Evidence from the Channel Islands of Major Cosmic Impact 12,900 Years Ago
Contact: Yvonne Menard, 805-658-5725
University of California, Santa Barbara (UCSB), Professor James Kennett will be the featured speaker at the “From Shore to Sea” June lecture. Kennett will talk about the remarkable, widespread geological and archaeological evidence researchers have discovered of a major extraterrestrial collision over North America from their work at the Channel Islands and other locations.
An extraterrestrial impact could have caused a massive energy release leading to continent-wide wildfires and other extreme environmental changes. Kennett’s research into sedimentary layers of California’s Northern Channel Islands and the Santa Barbara Basin has provided some of the evidence in support of this controversial hypothesis.
His research into the 13,000 year-old Younger Dryas Boundary layer led to a new hypothesis which seems to explain three major events that occurred during this time period. First, what caused the massive, abrupt extinction over North America of many large mammal (e.g. mammoths, camels, sloths, saber-tooth cats) and birds? Second, what caused the abrupt disappearance of the Clovis culture, the first widely distributed peoples of North America? Third, what triggered the abrupt cooling over broad areas of Earth and associated major change in ocean circulation?
Kennett is Professor Emeritus in Earth Sciences at UCSB and Research Professor with the Marine Science Institute, of which he was Director from 1987 to 1997. A native of New Zealand, Kennett’s work in marine geology and paleoceanography over the last 45 years has assisted with a more comprehensive understanding of major paleoenvironmental and biotic changes that shaped the Cenozoic Era and its geological record. Recently he has focused on the studies of abrupt climate change in the ice age period, especially in Santa Barbara Basin, and on the Younger Dryas Boundary cosmic impact hypothesis.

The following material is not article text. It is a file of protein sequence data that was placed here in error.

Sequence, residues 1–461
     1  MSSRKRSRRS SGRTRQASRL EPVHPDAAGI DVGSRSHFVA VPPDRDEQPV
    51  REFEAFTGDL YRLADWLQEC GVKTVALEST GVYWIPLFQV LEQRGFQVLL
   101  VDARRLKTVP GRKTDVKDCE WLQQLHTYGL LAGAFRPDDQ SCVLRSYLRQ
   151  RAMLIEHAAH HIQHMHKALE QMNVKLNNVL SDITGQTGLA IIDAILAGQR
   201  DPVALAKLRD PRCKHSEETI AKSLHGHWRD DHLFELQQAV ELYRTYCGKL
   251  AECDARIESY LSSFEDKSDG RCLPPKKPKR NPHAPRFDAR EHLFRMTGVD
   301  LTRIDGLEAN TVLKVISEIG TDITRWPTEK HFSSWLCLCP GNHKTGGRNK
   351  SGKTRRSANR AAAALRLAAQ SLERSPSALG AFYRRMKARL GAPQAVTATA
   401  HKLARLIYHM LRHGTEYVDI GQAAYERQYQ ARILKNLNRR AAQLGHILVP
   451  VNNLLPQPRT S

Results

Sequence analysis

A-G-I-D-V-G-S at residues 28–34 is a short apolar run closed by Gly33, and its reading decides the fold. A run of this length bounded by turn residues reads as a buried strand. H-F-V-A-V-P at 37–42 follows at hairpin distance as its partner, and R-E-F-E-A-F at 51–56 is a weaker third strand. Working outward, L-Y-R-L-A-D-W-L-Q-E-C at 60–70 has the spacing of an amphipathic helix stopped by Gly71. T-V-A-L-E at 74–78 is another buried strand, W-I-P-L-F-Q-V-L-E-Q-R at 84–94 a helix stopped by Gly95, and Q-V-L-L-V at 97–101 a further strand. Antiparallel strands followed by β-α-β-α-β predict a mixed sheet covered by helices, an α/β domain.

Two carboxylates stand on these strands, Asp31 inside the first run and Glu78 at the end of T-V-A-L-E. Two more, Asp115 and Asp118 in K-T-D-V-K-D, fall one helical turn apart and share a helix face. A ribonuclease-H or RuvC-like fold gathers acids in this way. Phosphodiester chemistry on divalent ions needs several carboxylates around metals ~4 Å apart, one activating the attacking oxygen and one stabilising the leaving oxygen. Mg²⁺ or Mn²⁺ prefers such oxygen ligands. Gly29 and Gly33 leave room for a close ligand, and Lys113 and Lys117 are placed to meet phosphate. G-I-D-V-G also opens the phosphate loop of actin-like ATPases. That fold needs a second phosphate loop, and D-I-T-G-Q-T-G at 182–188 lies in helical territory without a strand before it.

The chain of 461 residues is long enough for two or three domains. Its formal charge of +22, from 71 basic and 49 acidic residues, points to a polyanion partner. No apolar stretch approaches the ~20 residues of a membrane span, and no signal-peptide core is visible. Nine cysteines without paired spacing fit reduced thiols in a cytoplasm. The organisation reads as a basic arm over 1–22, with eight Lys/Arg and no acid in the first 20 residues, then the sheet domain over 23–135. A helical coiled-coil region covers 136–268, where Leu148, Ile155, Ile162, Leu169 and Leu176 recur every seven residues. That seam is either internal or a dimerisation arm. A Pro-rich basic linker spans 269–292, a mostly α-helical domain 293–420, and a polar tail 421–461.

The “From Shore to Sea” lecture series is jointly sponsored by Channel Islands National Park and Channel Islands National Marine Sanctuary with generous support from Santa Barbara Maritime Museum. The purpose of the series is to further the understanding of current research on the Channel Islands and surrounding waters. The lectures occur at 7:00 p.m. on Tuesday, June 9, 2009, at Santa Barbara Maritime Museum, 113 Harbor Way in the Santa Barbara Harbor and Wednesday, June 10, 2009, at the Channel Islands National Park Robert J. Lagomarsino Visitor Center, 1901 Spinnaker Drive in the Ventura Harbor. The programs are free and open to the public.
Did You Know?
The Anacapa Island lighthouse, turned on in 1932, was the last permanent lighthouse built on the west coast.